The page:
This story is by Sarah Elizabeth Graves and was part of our 2018 Spring Writing Contest. You can find all the writing contest stories here.
A funhouse full of mirrors seemed like an appropriate place to die. Claire put a hand to the bloody gash in her side and watched, through the panes of refracted mirrors, the red rivers that oozed between her fingers.
She’d been caught in the crossfire of flying bullets as a fleeing gunman shot wildly at the pursuing cops. At some point, they’d stopped pursuing and started barricading this section of the carnival.
She’d thrown herself into the nearest doorway the second she’d been hit, and this is where she’d landed. Had she simply dropped on the ground outside, she may have been found by a paramedic, but she’d needed a moment to think.
She had no idea who the fleeing gunman was, what he wanted, or why he was there. Claire only knew one thing for certain: She was going to die here. She’d already seen it, days ago, as if the intervening hours somehow meant anything. It hadn’t given her the chance to prepare. Nor had it blessed her with any possibility of stopping it. She already knew from the long, painful road of experience that there was never any such possibility. There was only the base cruelty of absolute knowledge.
Claire breathed a labored sigh as she scooted her body back against a mirror, leaving a smear of blood along the painted floor. It was an odd thing knowing exactly when, where, and how she was going to die.
Once, Claire thought she’d been blessed with a great gift. That she’d woken up one morning to inborn superpowers, like an X-Man from the comics. She remembered her very first vision: all the dead left like scattered wreckage in a coffee shop, the sidewalk outside littered with shattered glass, refracting the light like so many carnival mirrors.
She hadn’t known what it was at first. A delusion? A seizure? A roofie slipped in her drink? But sure as hell not a glimpse into the future.
Then she’d read about it the next day in the news. So many dead, and she could have stopped it. Next time, she would believe, and she would act.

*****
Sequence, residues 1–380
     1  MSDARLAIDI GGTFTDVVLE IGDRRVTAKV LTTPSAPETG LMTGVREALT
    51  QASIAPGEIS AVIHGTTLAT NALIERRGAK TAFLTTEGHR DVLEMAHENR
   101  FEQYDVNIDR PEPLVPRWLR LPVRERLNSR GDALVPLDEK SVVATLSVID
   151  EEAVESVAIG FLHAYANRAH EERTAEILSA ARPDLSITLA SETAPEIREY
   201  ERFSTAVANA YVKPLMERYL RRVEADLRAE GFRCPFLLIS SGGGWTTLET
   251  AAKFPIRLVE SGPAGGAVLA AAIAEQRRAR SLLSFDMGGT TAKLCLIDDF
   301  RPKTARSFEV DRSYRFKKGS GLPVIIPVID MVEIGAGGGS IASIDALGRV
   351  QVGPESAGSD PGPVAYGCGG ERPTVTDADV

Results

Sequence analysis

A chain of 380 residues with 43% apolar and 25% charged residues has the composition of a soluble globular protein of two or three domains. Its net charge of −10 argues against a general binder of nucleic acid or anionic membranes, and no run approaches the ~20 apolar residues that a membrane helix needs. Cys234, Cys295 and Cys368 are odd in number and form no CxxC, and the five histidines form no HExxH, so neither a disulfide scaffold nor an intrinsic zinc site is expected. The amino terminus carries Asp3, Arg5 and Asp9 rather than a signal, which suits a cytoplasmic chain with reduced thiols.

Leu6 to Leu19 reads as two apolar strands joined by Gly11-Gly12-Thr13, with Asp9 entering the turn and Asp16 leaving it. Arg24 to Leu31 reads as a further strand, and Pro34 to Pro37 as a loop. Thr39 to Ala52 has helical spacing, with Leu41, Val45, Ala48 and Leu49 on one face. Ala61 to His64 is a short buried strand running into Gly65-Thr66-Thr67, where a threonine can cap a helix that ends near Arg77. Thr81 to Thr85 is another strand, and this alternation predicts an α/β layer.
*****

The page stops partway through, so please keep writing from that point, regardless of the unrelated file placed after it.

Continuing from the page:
But knowledge that her mother would die in her sleep of a heart attack had not saved her. Mom’s doctors had all insisted she was fine. She wasn’t fine.
Nor had she saved little Tommy from dying in a fire. Even after she had dragged the little boy out, and all was clear – everyone was safe – somehow he had found a way to sneak back in, back into the blaze, to save his cat.
They’d both died. The boy and his cat.
It never worked. Time after time, Claire tried and Claire failed. No matter what she did, if she saw someone die they always died. She had a superpower. And it was completely useless.
Yes, knowledge was a cruelty beyond comprehension, and reality was the devil’s own bitch.
Screams echoed off the funhouse walls as more shots rang out. Claire already knew what was happening. He was taking hostages. She’d seen it. She didn’t know how many died today, save herself, but she’d seen the hostages. This was part of it.
Beside her, she could see her injured body reflected in at least six different mirrors. Fat, short, tall, ballooned. Every mirror was a different image. All were of Claire, bloody and broken, but each Claire was different somehow. The magic of warped plexiglass.
In one mirror, blood pooled beneath her like an ocean. In another, it was only a droplet.
In her vision, she hadn’t seen all of these reflected images. Maybe, Claire started to realize, that meant she didn’t always see everything.
Claire shook her head. What did it matter? She was going to die. If Claire saw someone die, without exception, it always happened. Maybe not in the exact place at the exact time, but the “victims” of Claire’s visions had every reason to fear the reaper. About the hundredth time she’d tried and failed, she’d stopped even questioning it.
And yet . . .
With the exception of this last one, she’d never seen herself in a single vision. Every time she’d tried to help someone, to save a life, she’d never seen herself do the trying.